stay drawn.

The savage does order his Grey. Do you not see?

you cannot

life in the preposterous manner which fail to see, that, after the labor of your you have described ; but he does it behuman animal has supplied his mere an

cause he is a savage.

He has not the imal needs, provided him with shelter, wants of the civilized man, and therefore food, and clothes, he must set himself he does not wait to supply them before about something else. Having made life he seeks to gratify others. When man endurable, he will strive to make it com- rises in the scale of civilization, his whole fortable, according to his notions of com- nature rises. You can't mount a ladder fort. Comfort secured, he will seek pleas- piecemeal; your head will go up first, ure; and among the earliest objects of his unless you are an acrobat, and choose to endeavors in this direction will be that go up feet foremost ; but even if you are form of pleasure which results from the Gabriel Ravel, your whole boily must embellishment of his external life; the needs ascend together. The savage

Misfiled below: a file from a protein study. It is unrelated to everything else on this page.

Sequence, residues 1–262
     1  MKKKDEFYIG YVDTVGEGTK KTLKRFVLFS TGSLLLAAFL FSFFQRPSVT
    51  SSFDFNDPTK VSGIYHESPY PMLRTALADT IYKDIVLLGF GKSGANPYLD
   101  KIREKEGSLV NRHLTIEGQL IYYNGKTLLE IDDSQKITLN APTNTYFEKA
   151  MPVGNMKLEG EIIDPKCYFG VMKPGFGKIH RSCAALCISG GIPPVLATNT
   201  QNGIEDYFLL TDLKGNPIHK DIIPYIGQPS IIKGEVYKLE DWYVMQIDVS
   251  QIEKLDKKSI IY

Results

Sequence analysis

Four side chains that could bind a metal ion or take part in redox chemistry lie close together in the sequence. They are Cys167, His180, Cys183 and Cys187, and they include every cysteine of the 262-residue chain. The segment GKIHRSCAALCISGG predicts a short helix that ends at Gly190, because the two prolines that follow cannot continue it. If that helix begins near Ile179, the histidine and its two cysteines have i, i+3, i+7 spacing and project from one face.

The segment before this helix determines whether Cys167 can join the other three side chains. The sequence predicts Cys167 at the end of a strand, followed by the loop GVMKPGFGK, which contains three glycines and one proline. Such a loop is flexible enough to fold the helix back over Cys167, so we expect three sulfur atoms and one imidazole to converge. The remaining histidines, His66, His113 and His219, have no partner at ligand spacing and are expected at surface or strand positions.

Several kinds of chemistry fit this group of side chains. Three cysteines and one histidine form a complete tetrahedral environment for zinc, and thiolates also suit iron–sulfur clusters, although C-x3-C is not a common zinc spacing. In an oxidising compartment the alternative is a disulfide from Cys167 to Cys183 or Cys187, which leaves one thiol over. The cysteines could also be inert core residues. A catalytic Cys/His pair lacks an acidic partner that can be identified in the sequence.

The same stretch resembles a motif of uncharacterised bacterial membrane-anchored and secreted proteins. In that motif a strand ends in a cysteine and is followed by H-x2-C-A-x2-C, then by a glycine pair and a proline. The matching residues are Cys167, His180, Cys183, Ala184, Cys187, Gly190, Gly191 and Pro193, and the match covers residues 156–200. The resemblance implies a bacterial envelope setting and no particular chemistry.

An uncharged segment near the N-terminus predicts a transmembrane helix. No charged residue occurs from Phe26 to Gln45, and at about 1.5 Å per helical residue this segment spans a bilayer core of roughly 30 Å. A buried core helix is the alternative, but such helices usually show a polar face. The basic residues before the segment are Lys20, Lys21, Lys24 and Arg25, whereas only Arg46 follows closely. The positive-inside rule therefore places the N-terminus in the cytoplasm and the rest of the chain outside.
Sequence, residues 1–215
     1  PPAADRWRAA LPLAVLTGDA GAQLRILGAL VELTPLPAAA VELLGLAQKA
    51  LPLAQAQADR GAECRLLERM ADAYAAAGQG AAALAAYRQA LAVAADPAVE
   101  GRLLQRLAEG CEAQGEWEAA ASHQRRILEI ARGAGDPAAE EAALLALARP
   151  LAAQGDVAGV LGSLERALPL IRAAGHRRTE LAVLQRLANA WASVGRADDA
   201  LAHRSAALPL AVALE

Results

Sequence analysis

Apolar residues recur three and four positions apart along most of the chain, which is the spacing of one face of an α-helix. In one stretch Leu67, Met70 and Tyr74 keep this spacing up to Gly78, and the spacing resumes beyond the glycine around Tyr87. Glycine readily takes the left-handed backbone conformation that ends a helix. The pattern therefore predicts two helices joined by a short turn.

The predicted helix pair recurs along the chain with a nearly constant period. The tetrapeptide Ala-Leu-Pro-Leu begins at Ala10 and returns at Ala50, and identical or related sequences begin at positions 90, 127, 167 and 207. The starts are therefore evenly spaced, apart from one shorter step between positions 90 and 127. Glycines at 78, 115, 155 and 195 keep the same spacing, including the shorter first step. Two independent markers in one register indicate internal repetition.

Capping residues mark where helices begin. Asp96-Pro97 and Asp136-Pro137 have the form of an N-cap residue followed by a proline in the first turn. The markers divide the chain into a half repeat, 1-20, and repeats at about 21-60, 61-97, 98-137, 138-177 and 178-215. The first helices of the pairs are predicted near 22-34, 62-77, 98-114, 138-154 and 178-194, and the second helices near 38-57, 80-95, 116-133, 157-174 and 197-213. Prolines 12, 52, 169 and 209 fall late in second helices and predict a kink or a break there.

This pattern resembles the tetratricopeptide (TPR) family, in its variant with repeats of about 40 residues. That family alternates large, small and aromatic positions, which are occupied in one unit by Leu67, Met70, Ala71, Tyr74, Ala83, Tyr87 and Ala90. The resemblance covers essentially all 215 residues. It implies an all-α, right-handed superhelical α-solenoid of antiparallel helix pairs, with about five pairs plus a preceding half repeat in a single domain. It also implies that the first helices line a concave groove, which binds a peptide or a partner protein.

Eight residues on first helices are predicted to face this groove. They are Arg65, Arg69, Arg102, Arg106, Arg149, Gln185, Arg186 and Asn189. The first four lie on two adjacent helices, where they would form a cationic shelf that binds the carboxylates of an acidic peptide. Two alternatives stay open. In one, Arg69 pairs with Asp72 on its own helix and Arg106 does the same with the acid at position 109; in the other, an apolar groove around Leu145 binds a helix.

is craving that he then supplies being just comfortable, not according to your noas natural, that is, just as much an inev- tions of comfort, but according to his itable result of his organization, as that Comfort is not positive, but relawhich first claimed his thought and la- tive. If, with your present habits, you bor.

could be transported back only one hunTomes. A statement of your case en- dred years to the best house in London, tirely inconsistent with the facts that -a house provided with all that a prince


ly revenue could then command, - you and the other see a critical catalogue of would find it, with all its splendor, very the beauties of her person and her cosuncomfortable in many respects.